Configuring OpenLDAP

Config Files

/etc/openldap/*

Configuration Information

Configuring the slapd servers can be complex. Securing the LDAP directory, especially if you are storing non-public data such as password databases, can also be a challenging task. You'll need to modify the /etc/openldap/slapd.conf and /etc/openldap/ldap.conf files to set up OpenLDAP for your particular needs.

Resources to assist you with topics such as choosing a directory configuration, backend and database definitions, access control settings, running as a user other than root and setting a chroot environment include:

Mozilla Address Directory

By default, LDAPv2 support is disabled in the slapd.conf file. Once the database is properly set up and Mozilla is configured to use the directory, you must add allow bind_v2 to the slapd.conf file.

Systemd Units

To start the slapd daemon at boot, install the systemd unit from the blfs-systemd-units-20140907 package by running the following command as the root user:

make install-slapd
[Note]

Note

You'll need to modify the /etc/default/slapd to include the parameters needed for your specific configuration. See the slapd man page for parameter information.

Testing the Configuration

Start the LDAP server using systemctl:

systemctl start slapd

Verify access to the LDAP server with the following command:

ldapsearch -x -b '' -s base '(objectclass=*)' namingContexts

The expected result is:

# extended LDIF
#
# LDAPv3
# base <> with scope base
# filter: (objectclass=*)
# requesting: namingContexts
#

#
dn:
namingContexts: dc=my-domain,dc=com

# search result
search: 2
result: 0 Success

# numResponses: 2
# numEntries: 1

Contents

Installed Programs: ldapadd, ldapcompare, ldapdelete, ldapexop, ldapmodify, ldapmodrdn, ldappasswd, ldapsearch, ldapurl, ldapwhoami, slapacl, slapadd, slapauth, slapcat, slapd, slapdn, slapindex, slappasswd, slapschema, and slaptest
Installed Libraries: liblber.so, libldap.so, libldap_r.so, and several under /usr/lib/openldap
Installed Directories: /etc/openldap, /usr/lib/openldap, /usr/share/doc/openldap-2.4.40, and /var/lib/openldap

Short Descriptions

ldapadd

opens a connection to an LDAP server, binds and adds entries.

ldapcompare

opens a connection to an LDAP server, binds and performs a compare using specified parameters.

ldapdelete

opens a connection to an LDAP server, binds and deletes one or more entries.

ldapexop

issues the LDAP extended operation specified by oid or one of the special keywords whoami, cancel, or refresh.

ldapmodify

opens a connection to an LDAP server, binds and modifies entries.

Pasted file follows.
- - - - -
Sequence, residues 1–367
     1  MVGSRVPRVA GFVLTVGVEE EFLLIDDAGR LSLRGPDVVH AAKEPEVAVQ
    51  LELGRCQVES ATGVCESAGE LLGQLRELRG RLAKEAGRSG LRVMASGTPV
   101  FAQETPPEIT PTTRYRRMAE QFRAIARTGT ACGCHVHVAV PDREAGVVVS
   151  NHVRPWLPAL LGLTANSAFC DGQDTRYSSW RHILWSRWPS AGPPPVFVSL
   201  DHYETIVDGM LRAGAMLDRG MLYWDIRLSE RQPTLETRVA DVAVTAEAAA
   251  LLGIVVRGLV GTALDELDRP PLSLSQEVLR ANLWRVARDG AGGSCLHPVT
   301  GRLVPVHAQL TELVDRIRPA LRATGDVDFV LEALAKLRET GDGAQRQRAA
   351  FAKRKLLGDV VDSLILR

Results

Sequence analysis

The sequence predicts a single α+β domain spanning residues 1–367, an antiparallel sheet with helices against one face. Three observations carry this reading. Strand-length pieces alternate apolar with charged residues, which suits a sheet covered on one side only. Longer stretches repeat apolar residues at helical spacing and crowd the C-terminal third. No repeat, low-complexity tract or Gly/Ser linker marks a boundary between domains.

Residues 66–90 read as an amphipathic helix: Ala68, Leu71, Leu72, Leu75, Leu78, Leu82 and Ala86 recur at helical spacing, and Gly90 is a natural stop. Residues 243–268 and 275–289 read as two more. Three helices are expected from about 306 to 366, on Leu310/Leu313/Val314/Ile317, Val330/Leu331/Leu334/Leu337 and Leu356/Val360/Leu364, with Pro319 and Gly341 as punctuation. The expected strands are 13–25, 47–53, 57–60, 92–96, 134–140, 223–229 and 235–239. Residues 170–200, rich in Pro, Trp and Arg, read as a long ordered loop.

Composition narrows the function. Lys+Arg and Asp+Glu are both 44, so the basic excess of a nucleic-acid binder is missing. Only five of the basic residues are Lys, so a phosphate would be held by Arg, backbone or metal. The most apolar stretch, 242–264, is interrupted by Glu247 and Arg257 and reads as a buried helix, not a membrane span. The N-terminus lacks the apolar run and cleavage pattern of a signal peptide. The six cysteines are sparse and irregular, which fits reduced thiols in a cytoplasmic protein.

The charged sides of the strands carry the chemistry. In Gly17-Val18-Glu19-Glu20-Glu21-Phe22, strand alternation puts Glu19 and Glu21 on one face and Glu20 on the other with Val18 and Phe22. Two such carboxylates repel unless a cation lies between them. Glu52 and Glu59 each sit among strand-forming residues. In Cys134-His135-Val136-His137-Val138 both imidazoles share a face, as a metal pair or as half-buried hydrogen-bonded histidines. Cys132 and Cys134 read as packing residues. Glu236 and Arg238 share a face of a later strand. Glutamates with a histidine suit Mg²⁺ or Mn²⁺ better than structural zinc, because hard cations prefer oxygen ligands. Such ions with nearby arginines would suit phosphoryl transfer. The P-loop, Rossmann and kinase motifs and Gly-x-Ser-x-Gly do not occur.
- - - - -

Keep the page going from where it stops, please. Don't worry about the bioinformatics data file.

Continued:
ldapmodrdn

opens a connection to an LDAP server, binds and modifies the RDN of entries.

ldappasswd

is a tool used to set the password of an LDAP user.

ldapsearch

opens a connection to an LDAP server, binds and performs a search using specified parameters.

ldapurl

is a command that allows to either compose or decompose LDAP URIs.

ldapwhoami

opens a connection to an LDAP server, binds and displays whoami information.

slapacl

is used to check the behavior of slapd by verifying access to directory data according to the access control list directives defined in its configuration.

slapadd

is used to add entries specified in LDAP Directory Interchange Format (LDIF) to an LDAP database.

slapauth

is used to check the behavior of the slapd in mapping identities for authentication and authorization purposes, as specified in slapd.conf.

slapcat

is used to generate an LDAP LDIF output based upon the contents of a slapd database.

slapd

is the standalone LDAP server.

slapdn

checks a list of string-represented DNs based on schema syntax.

slapindex

is used to regenerate slapd indexes based upon the current contents of a database.

slappasswd

is an OpenLDAP password utility.

slapschema

is used to check schema compliance of the contents of a slapd database.

slaptest

checks the sanity of the slapd.conf file.

liblber.so

is a set of Lightweight Basic Encoding Rules routines. These routines are used by the LDAP library routines to encode and decode LDAP protocol elements using the (slightly simplified) Basic Encoding Rules defined by LDAP. They are not normally used directly by an LDAP application program except in the handling of controls and extended operations.

libldap.so

supports the LDAP programs and provide functionality for other programs interacting with LDAP.

libldap_r.so

contains the functions required by the LDAP programs to produce the results from LDAP requests.

Last updated on 2014-10-11 02:55:21 +0000